Vermont and Montana will form ground zero for the debate over assisted suicide in 2011 as legislatures in both states are expected to tackle bills related to the subject.
“The newly elected governor of Vermont, Peter Shumlin, is committed to legalizing assisted suicide in that state,” he said.
Shumlin told the lobbying arm of the pro-assisted suicide group Death With Dignity: “As Governor, I will strongly champion death with dignity legislation. I have been a sponsor of this legislation for multiple years and I have a track record of bringing people together to get tough things done.”
“I feel the same about patient choices at the end of life. As Governor, I would make this a top priority and in my State of the State address would ask the legislature to take this civil rights issue up and pass it prior to adjournment in 2011,” he added.
Schadenberg advocated Shumlin’s defeat, but he was able to top pro-life Republican candidate Brian Dubie. Now, pro-life groups will have to launch efforts to defeat the bill that is expected to come. They will likely find themselves working with religious, doctors and disability rights groups that have historically opposed such bills in other states.
Meanwhile, in Montana, Schadenberg says he and other euthanasia opponents will be closely watching the legislation in Montana — where both sides are expected to follow up on a state Supreme Court ruling that opens the door to assisted suicide. Legislation promoting and restricting assisted suicide is expected, including a measure pro-life groups will undoubtedly support.
“In Montana there will be competing bills. The assisted suicide lobby is trying to legalize assisted suicide in Montana after the Supreme Court of Montana offered physicians a ‘defense of consent’ in the Baxter decision,” he said. “Senator Greg Hinkle is bringing forth the Patient Protection Act to ensure that assisted suicide is not legal in Montana.”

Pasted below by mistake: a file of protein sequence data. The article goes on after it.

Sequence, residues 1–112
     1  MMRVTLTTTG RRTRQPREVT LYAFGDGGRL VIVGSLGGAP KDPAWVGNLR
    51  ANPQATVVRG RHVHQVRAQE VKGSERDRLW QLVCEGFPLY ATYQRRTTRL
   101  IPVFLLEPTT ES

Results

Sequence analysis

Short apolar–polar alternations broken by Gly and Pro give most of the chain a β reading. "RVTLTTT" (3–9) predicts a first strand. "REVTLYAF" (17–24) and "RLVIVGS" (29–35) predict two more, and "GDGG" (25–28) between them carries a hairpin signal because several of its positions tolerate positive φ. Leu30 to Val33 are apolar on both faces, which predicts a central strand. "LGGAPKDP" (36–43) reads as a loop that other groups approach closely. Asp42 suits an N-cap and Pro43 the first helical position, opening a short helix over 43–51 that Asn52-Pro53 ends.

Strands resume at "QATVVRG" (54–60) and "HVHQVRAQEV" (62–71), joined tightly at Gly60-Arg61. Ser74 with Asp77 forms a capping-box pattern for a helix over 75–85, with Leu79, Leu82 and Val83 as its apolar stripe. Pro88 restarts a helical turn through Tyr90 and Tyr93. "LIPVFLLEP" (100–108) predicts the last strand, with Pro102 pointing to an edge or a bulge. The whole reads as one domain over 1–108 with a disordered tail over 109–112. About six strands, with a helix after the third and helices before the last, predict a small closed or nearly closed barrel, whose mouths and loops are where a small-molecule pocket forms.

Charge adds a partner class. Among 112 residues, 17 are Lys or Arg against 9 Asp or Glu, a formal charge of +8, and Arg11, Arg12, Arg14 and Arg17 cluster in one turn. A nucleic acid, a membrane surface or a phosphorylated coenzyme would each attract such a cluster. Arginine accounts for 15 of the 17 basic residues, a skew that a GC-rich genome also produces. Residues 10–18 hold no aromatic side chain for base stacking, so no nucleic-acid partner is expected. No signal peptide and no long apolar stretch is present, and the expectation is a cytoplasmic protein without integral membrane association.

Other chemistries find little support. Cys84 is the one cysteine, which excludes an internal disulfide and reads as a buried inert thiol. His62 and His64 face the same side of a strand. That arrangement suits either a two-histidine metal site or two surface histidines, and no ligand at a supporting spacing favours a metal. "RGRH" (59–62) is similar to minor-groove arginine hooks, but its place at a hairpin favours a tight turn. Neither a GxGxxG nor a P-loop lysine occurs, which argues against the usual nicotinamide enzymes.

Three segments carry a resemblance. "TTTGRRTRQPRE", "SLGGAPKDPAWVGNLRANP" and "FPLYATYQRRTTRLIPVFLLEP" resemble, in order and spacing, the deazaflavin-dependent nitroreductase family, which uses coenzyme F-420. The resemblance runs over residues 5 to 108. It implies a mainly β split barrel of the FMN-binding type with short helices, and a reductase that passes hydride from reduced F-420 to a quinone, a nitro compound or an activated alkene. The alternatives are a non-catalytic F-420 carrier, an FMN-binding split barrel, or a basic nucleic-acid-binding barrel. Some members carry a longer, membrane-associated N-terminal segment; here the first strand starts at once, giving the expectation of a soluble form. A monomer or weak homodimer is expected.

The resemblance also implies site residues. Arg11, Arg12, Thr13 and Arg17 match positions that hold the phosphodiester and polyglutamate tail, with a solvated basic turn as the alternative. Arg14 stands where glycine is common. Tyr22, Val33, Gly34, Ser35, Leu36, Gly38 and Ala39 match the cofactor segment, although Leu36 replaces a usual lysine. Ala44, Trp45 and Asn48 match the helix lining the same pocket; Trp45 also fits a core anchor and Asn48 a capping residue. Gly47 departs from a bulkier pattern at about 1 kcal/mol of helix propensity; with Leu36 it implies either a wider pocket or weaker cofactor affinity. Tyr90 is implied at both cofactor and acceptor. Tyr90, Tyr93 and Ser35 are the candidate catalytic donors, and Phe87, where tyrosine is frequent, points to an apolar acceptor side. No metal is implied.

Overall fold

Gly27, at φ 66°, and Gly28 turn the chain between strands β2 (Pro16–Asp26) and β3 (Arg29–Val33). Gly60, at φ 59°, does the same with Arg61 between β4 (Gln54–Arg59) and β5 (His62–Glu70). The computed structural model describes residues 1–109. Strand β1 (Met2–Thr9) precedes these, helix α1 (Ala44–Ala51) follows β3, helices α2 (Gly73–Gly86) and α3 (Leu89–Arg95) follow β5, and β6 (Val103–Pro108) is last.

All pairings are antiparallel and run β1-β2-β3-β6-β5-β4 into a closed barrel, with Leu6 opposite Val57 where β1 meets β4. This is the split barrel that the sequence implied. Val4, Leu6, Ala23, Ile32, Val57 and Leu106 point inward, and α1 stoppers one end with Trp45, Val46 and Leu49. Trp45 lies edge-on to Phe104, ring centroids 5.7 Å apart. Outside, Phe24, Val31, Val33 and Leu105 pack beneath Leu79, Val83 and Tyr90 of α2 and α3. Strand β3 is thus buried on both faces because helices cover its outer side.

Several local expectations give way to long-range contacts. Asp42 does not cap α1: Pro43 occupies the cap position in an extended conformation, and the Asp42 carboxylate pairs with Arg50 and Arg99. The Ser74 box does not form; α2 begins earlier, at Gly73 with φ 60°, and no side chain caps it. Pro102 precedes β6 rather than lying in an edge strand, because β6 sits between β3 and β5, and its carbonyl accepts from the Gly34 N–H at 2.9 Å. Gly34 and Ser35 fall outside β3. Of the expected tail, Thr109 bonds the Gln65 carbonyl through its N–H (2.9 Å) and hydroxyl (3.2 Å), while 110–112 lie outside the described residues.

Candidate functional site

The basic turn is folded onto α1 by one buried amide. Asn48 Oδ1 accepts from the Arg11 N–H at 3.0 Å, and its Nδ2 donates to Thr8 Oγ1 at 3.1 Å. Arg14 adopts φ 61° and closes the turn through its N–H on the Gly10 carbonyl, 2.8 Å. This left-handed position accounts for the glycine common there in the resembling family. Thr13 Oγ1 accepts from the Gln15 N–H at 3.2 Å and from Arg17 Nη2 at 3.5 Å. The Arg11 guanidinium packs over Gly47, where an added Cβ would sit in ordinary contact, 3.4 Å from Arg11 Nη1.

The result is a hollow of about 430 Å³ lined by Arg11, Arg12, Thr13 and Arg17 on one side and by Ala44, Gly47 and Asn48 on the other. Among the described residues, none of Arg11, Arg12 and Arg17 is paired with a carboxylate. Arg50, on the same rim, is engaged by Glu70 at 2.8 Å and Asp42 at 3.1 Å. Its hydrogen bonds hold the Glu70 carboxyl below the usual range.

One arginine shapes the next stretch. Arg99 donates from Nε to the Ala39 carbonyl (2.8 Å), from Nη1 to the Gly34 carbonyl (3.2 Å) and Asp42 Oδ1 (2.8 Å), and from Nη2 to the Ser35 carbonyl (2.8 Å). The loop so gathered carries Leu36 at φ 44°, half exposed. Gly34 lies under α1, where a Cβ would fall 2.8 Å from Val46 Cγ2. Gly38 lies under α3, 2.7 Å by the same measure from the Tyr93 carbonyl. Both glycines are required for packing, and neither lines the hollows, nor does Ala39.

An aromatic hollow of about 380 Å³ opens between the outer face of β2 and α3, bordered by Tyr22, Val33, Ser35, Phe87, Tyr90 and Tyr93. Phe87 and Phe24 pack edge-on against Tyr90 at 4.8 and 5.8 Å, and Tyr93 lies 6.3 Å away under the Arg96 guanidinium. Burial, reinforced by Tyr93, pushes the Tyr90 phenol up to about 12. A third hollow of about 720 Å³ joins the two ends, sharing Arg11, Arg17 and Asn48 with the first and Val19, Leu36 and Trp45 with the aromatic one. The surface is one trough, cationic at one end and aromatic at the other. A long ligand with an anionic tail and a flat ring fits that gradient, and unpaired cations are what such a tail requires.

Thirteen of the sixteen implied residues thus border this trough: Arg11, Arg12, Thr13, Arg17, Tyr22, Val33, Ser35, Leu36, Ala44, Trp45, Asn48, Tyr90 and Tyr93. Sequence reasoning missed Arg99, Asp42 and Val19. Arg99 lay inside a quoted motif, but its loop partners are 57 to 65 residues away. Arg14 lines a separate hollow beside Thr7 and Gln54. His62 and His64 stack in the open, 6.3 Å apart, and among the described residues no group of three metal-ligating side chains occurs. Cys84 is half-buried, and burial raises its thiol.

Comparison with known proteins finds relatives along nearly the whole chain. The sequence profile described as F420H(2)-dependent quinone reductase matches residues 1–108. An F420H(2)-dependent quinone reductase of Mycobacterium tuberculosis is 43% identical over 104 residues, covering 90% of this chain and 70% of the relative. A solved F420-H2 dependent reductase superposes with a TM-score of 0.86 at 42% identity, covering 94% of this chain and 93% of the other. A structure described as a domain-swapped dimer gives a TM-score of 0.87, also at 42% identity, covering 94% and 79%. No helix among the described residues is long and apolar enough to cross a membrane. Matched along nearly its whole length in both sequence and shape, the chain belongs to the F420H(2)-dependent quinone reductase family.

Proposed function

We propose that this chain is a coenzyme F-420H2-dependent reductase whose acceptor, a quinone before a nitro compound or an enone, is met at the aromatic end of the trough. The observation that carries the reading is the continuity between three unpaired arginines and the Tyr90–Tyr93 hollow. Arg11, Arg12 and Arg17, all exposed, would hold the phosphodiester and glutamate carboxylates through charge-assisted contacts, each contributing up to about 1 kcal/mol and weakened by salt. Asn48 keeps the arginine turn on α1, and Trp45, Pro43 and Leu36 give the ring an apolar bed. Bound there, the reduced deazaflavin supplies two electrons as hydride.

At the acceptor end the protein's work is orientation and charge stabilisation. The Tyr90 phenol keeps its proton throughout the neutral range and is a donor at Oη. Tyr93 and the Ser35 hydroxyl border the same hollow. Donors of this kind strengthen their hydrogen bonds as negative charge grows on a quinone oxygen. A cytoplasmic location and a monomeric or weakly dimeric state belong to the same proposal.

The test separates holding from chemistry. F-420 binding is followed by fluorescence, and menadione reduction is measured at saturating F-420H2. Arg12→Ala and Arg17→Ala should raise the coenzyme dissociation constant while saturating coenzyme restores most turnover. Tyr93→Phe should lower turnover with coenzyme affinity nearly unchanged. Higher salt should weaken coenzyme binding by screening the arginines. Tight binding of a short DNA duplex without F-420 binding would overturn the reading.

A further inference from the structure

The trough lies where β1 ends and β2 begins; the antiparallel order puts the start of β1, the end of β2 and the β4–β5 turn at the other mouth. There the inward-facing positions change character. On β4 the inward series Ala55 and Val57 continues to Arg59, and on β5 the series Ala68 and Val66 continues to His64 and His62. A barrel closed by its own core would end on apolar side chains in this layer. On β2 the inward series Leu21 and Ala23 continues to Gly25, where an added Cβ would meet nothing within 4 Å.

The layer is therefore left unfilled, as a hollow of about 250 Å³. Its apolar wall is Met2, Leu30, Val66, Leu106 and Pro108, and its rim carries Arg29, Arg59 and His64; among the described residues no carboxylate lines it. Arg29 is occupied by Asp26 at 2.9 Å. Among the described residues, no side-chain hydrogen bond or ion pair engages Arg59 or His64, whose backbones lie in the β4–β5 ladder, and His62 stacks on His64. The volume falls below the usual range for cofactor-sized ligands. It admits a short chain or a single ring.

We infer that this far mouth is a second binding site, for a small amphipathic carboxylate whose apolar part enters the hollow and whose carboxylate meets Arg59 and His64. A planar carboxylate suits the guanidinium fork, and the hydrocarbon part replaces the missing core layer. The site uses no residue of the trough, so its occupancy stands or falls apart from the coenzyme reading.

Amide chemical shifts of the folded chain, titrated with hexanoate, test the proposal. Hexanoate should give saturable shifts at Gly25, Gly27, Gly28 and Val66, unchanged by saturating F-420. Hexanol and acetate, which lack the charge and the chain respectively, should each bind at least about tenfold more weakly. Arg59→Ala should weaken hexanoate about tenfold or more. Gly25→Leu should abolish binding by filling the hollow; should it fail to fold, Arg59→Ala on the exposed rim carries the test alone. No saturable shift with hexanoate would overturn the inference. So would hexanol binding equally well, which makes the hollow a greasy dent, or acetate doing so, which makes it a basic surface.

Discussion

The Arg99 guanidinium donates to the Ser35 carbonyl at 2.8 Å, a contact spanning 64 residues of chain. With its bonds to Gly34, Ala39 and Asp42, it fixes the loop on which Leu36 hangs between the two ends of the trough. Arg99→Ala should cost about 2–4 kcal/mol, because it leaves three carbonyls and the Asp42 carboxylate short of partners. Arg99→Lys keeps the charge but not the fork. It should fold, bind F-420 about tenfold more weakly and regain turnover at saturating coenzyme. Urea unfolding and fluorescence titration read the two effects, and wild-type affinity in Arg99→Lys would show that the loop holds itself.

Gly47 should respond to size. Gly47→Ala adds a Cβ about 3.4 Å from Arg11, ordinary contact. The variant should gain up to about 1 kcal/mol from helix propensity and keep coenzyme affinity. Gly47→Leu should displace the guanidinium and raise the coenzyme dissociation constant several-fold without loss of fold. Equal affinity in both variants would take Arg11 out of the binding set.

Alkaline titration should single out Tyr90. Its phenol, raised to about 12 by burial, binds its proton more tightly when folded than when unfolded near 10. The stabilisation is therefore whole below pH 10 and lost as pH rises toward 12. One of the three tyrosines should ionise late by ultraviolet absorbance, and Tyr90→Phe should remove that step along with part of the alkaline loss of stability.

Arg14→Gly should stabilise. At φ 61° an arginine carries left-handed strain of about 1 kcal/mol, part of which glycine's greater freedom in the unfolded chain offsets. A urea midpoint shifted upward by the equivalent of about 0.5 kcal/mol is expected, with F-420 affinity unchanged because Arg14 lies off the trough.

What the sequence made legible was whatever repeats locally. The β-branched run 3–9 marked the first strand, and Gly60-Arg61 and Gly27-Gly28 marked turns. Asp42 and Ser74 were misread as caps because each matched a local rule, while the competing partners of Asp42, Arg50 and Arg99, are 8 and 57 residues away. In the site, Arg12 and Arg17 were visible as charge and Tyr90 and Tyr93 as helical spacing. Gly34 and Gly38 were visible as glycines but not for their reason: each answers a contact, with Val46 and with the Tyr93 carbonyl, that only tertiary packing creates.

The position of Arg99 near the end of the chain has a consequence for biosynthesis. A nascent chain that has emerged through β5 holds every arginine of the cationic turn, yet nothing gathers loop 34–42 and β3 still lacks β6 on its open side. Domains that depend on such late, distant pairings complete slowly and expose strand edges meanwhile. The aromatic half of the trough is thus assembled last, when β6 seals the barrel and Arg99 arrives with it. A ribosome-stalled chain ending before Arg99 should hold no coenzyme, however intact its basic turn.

The Montana high court determined that assisted suicide remains technically illegal but the physician, if prosecuted, could use a “defense of consent.” Still, according to Schadenberg, the doctor is not immune from a lawsuit by the patient or family for negiligence. That’s different from Oregon and Washington, which have legal assisted suicides, and where, so long as the physician fulfills an undefined “best interest” standard, they are immune frm liability.
Rep. Dick Barrett, a Missoula Democrat, will introduce legislation this session to implement the decision and Niki Zupanic of ACLU Montana says his group will push for the adoption of the legislation.
Hinkle, a Republican from Thompson Falls, will file a bill to ban assisted suicide, calling it “elder abuse.” His measure will receive support from pro-life groups like the Montana Family Foundation and Montana Right to Life.
The case was an appeal of a ruling District Judge Dorothy McCarter issued last December misusing the privacy clause of the state constitution to allow people to kill themselves with the help of a physician.